Toronto backtracks on return-to-office plans for city employees as Omicron spreads fear of a ‘disaster’
The City of Toronto has announced its plans to have 500 more public transit workers return to the work force by the end of the year.
The city announced it would add 200 more TTC fare collector positions and 400 customer service positions for the TTC, which includes 100 police officers.
Those were part of the city’s overall transit workers’ return to work plan that the city issued this summer in response to the federal government’s Canada Strong labour action plan, which the city launched in July. The plan proposed 700 new transit workers at a total cost of $300 million.
The city plans to take the same approach to the new Ontario Disability Support Program. Officials say that while the agency is responsible for the program’s $200 million operating budget, it is a provincial agency that requires the city to provide its entire staff.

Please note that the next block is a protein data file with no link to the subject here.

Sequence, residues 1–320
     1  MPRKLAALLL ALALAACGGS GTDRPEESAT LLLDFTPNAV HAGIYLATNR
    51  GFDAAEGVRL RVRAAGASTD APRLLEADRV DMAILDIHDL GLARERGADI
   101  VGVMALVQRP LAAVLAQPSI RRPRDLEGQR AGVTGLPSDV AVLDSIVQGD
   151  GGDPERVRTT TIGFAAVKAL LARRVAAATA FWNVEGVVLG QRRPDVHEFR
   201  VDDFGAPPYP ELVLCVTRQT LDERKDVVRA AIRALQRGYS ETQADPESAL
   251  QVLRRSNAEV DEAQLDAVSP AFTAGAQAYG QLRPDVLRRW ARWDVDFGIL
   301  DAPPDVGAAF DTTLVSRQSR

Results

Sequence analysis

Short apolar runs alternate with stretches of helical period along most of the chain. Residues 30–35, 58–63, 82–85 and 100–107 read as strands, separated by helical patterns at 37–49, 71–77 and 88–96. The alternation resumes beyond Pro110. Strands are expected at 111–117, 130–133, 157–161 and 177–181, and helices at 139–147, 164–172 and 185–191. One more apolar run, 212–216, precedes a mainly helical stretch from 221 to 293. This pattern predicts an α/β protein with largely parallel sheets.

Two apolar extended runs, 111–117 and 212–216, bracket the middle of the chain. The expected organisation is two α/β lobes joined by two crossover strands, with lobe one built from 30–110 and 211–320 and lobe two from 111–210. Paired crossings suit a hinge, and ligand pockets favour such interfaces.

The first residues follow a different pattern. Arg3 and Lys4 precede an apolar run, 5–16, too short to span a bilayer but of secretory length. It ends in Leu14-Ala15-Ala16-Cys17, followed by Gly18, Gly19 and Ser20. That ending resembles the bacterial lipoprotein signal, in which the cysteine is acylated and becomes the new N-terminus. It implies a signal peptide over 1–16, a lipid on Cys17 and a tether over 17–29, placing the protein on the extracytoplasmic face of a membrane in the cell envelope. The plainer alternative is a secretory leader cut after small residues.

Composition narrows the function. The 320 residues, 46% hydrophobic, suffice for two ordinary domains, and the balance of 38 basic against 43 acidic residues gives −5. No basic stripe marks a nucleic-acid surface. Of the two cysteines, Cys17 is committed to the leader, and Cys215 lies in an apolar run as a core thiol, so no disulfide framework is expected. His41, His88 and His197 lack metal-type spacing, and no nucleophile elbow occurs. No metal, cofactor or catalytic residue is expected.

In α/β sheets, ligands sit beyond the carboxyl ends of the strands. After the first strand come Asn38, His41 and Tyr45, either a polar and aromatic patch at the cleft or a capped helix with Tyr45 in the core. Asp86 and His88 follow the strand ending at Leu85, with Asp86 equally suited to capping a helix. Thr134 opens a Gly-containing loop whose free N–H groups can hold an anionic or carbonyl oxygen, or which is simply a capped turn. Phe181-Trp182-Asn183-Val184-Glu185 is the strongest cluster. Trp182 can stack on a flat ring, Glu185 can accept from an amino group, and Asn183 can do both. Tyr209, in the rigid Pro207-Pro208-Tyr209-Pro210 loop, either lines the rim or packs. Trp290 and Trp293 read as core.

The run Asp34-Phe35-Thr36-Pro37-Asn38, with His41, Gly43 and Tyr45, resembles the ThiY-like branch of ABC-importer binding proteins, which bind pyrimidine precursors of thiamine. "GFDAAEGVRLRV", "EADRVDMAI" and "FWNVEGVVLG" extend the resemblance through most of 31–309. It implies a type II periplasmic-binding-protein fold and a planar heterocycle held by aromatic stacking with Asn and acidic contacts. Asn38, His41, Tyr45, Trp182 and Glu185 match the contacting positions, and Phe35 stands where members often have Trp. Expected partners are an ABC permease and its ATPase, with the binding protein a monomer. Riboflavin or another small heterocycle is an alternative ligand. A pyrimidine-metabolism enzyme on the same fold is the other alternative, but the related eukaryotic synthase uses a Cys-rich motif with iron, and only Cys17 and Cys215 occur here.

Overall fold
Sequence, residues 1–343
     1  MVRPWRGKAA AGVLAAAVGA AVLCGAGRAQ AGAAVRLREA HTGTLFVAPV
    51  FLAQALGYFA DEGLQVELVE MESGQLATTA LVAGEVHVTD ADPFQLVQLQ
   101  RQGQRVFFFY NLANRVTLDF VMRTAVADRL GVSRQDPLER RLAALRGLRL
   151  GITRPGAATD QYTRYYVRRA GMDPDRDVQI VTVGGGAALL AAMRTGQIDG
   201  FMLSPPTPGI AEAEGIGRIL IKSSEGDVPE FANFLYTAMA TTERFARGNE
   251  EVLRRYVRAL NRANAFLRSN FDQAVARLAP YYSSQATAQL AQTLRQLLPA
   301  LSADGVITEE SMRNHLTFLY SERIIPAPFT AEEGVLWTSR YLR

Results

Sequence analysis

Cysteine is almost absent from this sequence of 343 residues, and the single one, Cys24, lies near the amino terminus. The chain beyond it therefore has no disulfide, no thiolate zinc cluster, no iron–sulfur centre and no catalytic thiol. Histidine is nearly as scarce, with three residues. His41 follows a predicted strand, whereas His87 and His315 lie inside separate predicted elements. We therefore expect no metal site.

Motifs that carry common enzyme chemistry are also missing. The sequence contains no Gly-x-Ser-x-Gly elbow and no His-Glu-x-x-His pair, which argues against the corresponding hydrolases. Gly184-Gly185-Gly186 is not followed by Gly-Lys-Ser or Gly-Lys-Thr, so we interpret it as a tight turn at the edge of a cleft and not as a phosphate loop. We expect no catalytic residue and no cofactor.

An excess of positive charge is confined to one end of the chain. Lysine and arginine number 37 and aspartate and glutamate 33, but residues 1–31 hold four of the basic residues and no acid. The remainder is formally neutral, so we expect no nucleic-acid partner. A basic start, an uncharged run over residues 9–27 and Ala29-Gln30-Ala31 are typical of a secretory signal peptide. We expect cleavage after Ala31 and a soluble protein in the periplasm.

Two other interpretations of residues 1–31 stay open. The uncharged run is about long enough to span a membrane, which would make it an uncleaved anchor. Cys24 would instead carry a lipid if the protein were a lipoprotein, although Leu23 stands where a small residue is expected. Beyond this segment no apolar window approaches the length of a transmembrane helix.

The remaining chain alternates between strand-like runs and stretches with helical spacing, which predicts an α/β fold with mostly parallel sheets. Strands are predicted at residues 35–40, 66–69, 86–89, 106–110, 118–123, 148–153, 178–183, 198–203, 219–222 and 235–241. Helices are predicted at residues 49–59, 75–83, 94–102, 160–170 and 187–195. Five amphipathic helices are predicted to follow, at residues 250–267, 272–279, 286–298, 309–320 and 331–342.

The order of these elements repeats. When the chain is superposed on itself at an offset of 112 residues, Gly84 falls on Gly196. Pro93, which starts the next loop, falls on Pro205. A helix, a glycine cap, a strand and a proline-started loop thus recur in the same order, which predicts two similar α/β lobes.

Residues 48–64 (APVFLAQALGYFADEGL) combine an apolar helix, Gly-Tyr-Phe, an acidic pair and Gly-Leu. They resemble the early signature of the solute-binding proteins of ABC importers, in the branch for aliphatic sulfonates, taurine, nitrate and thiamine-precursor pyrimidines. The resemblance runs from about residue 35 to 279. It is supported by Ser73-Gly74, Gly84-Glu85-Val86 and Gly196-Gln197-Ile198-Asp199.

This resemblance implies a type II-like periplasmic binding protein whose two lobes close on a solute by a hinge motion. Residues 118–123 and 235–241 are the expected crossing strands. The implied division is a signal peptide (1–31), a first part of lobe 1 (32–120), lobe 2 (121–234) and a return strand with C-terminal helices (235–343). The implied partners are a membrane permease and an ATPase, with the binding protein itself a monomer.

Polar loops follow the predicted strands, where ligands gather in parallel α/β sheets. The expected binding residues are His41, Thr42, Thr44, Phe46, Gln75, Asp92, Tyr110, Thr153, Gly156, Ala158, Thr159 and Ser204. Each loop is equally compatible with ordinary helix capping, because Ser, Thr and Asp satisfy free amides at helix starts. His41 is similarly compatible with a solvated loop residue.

In October, the city’s transit workers union called on the province not to expand its role to fund the program.
The province’s Ontario government said it will cover 50 per cent of the program’s operating budget, and that Toronto’s transit workers will be required to cover their wage insurance costs.
But if workers don’t step up to cover health insurance costs, or if they leave to join another union, Toronto said the budget will have to be cut back.
In a statement, the city said it is working on a plan to return transit workers to full-time work and protect the funding needed by the province for the transit workers’ insurance program.
Toronto Transit Commission employees will now have to make up the shortfall in the city’s transit plan budget to the province.
“The city is working with the province and TTC officials to develop a plan to return TTC employees to full-time work,” Mayor John Tory said in a statement.
“We will be making sure that any savings made by returning more TTC workers to full-time work will be used to protect the province and ensure the safety of our transit system moving forward.”
On Friday, the union told city hall in a letter obtained by the Toronto Sun that it would be “unacceptable to